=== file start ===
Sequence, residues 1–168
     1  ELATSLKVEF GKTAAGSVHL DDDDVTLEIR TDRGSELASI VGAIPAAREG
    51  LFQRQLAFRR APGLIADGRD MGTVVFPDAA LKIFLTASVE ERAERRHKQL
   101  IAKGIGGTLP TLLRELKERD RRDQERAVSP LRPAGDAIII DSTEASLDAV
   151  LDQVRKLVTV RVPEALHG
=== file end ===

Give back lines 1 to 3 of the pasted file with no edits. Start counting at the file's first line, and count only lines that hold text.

Sequence, residues 1–168
     1  ELATSLKVEF GKTAAGSVHL DDDDVTLEIR TDRGSELASI VGAIPAAREG
    51  LFQRQLAFRR APGLIADGRD MGTVVFPDAA LKIFLTASVE ERAERRHKQL